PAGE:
Shouldn’t Everyone Have the Same Rules?
Our managing partner recently wrote a blog about the disparity between the rules governing truth in advertising by advertisers, but the lack of rules governing truth in criticism of those advertisers published by third parties.
I would like to “second that emotion” as the song says (for those of old enough to remember). I recently watched a video on a NGO site vilifying advertisers who target children: specifically those who manufacture food and beverage products. While this is a very hot topic for many at the moment, I would ask that the reader put aside their judgement as to whether or not such advertising should be allowed but rather objectively consider the issue of whether or not detractors should be held to the same standards of truthful communications to the public as their targets. Currently they are not. Criticism by journalists, NGOs and other third parties can be as subjective and as inaccurate as they choose with little to no requirement to be truthful, and yet it is often these critics who get the most play on social media and in the press, resulting in unjustified influence on the general public and frequently on politicians and government regulators as well.
We always advise our clients, especially to those in the food, drug and cosmetics industries to review their advertising and promotional materials to ensure compliance with all relevant legislation and codes including ensuring that each statement is true and verifiable; that claims are not exaggerated beyond sound supportable data; and that each element of a claim must be supportable.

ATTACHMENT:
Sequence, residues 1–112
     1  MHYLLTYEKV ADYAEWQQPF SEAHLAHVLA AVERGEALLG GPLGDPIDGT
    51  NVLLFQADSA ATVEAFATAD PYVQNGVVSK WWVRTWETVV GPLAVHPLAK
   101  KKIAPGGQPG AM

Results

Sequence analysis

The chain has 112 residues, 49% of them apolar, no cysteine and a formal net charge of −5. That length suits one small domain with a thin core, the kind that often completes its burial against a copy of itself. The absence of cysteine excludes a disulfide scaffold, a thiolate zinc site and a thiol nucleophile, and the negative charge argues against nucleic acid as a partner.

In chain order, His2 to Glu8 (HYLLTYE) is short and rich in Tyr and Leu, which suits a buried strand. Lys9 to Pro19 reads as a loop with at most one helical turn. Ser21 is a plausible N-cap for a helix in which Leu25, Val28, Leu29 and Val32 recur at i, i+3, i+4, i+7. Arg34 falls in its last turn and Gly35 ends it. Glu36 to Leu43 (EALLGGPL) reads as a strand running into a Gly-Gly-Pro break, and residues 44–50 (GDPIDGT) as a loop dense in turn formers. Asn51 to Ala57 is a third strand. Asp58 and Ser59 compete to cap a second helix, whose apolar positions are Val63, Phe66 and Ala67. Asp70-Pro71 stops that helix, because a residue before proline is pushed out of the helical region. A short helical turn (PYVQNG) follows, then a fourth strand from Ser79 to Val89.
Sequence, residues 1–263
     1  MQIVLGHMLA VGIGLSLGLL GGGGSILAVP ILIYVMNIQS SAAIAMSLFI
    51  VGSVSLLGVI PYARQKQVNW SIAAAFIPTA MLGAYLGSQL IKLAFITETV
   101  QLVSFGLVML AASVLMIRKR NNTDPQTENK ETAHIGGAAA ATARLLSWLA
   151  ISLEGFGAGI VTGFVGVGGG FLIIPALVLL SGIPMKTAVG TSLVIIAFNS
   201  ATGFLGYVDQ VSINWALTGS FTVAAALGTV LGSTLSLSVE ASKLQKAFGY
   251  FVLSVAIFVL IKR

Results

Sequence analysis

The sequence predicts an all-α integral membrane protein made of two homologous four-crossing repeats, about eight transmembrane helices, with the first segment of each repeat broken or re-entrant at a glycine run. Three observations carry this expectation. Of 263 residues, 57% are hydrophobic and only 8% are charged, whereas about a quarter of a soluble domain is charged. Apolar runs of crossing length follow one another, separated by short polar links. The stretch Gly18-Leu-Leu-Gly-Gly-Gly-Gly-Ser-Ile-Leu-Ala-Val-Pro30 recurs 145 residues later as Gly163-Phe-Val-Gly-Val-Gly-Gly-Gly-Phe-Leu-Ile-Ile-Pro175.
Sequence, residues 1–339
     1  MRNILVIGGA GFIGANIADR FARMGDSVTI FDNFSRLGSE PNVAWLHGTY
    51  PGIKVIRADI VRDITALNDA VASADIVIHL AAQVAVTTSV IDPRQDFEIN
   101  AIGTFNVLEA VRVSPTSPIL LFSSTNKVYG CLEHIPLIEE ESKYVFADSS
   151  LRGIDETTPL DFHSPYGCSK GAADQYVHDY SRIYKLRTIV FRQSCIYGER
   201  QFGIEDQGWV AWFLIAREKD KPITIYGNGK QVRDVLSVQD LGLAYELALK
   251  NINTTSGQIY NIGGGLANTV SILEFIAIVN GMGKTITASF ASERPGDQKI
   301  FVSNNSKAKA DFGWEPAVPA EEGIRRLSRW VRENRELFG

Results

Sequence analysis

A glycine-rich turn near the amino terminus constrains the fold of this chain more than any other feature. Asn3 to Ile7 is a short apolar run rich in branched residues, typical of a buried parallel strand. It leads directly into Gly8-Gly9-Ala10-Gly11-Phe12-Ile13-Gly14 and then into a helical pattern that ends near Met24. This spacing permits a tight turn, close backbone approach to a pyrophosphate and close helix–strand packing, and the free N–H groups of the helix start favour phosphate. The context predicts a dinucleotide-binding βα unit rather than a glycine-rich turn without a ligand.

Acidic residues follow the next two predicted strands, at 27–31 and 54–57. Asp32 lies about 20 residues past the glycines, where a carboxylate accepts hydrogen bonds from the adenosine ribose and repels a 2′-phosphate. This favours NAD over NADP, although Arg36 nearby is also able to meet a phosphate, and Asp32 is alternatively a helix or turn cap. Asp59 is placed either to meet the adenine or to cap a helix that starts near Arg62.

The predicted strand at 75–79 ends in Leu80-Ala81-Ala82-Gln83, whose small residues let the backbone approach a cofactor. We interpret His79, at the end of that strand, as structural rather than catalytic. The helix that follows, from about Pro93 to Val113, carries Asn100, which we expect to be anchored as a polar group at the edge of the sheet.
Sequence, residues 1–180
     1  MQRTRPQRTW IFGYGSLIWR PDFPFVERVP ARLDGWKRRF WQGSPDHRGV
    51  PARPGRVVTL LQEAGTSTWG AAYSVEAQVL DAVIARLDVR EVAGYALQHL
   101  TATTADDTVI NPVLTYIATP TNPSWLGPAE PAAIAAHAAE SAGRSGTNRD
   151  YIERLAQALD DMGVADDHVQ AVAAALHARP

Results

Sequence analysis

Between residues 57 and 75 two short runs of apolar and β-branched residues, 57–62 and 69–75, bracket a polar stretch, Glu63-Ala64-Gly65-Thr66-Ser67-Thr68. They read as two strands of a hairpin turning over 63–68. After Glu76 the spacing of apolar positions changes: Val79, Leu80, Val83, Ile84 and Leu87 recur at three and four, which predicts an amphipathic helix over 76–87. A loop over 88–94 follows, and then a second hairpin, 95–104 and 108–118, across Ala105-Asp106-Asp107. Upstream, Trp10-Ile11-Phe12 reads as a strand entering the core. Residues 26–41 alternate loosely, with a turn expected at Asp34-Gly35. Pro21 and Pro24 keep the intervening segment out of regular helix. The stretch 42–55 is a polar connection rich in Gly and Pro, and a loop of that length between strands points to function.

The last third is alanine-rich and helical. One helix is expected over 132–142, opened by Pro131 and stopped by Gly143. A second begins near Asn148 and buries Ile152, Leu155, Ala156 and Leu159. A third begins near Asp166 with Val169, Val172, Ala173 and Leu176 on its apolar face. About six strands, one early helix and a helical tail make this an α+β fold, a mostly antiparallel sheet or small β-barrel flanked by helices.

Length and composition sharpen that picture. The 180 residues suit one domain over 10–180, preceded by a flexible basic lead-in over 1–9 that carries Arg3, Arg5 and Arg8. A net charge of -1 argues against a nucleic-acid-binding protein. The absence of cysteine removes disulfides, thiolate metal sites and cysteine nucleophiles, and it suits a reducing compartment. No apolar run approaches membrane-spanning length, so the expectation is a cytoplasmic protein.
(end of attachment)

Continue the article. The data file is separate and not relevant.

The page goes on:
I am a staunch supporter of debate and discussion around any issue but equally assert that all sides must be accountable for the veracity of their claims. Unfortunately the Canadian Code of Advertising Standards, which I have blogged about previously permits the following exclusion:
Excluded from the terms “advertising” and “advertisement(s)” (as defined in this Code) are messages from an “entity” that/who has no “material connection” with the entity that makes, distributes, markets or advertises the product or service featured in the advertising or advertisement(s).
This exclusion lets critics of any particular product, service or industry skirt any requirement to be bound by the same rules of accuracy and responsibility as the object of their criticism. That doesn’t seem to be serving anyone’s best interests, particularly those who may be influenced by misinformation in significant ways that may shape their behaviour or that of our laws and regulations.
While it is true that ASC is not the only vehicle for remedies, it is the one positioned, by its very name, to uphold the standards of truth it so avidly seeks to protect. A definition of advertising that excludes communications to the public dealing with the same subject-matter as is otherwise regulated by ASC is incongruous. Shouldn’t truth and accuracy be a requirement regardless of the source?